Geek Love at 25

From Geek Love at 25: How a Freak Family Inspired Your Pop Culture Heroes, by Caitlin Roper:

“Novelist Karen Russell read Geek Love for the first time when she was 15. She picked it up expecting a story of nerds in love, but found something else: “I felt electrocuted when I read that first page with Crystal Lil and her freak brood. I stood there in the bookstore and my jaw came unhinged. No book I’ve read, before or since, has given me that specific jolt.”

“Occasionally she’d tell friends about her work in progress, Geek Love. “They would groan and say, ‘For Christ sake, Dunn, no one’s going to publish that, no one’s going to want to read that kind of crap.’ I figured, well, that’s probably true.”

“Pine recalls how Geek Love stood out against popular literary fiction of the time. “Fiction was dominated by realism. Saul Bellow, Philip Roth in the middle of his career, Bernard Malamud, John Updike. You didn’t have people removing digits, people with magical powers or extra limbs. Knopf was the bastion of this realistic fiction, so for Geek Love to be Sonny’s first book—it’s not what was deemed appropriate or commercial. It was a big deal.”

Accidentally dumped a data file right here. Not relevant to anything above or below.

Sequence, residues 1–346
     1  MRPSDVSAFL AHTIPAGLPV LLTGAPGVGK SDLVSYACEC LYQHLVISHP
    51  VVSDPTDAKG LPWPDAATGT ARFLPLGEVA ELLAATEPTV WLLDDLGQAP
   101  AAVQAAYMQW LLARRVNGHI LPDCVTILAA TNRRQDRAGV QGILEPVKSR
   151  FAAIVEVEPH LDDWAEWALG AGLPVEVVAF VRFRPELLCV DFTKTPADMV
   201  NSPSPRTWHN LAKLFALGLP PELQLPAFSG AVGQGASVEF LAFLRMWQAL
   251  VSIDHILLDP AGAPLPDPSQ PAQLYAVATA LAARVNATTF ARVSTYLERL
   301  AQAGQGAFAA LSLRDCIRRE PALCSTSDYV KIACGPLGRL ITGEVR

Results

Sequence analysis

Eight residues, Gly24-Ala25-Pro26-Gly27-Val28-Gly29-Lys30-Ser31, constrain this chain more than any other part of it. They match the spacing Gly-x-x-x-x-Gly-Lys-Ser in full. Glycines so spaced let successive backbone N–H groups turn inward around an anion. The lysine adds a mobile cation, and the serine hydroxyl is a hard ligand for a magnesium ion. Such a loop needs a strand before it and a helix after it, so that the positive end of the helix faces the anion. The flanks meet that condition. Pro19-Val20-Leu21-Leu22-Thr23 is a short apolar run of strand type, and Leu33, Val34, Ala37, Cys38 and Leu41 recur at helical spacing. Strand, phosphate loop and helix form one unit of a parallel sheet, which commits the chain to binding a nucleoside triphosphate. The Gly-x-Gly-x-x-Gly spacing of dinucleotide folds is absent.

Geek Love touched a nerve at the beginning of the ’90s, as grunge rock poured from the Pacific Northwest and independent movies like Reservoir Dogs (1992), Clerks (1994), Kids (1995), and Welcome to the Dollhouse (1995) flourished. In the same way that punk and grunge felt real—not like slick stadium rock, big-budget studio movies, hokey scripted TV—Geek Love achieved a fresh kind of authenticity. The Binewskis felt real, even as their lives and their story were fantastical. There was something about the idea of a freak show, an entertainment that hadn’t thrived in American culture for generations, which felt just right in the early ’90s.”

Read the rest here:

https://www.wired.com/2014/03/geek-love/

Geek Love has inspired a sprawling universe of fan art, including this oil and watercolor by Brandon Zimmerman that depicts the novel’s conjoined twins, Electra and Iphigenia Binewski.
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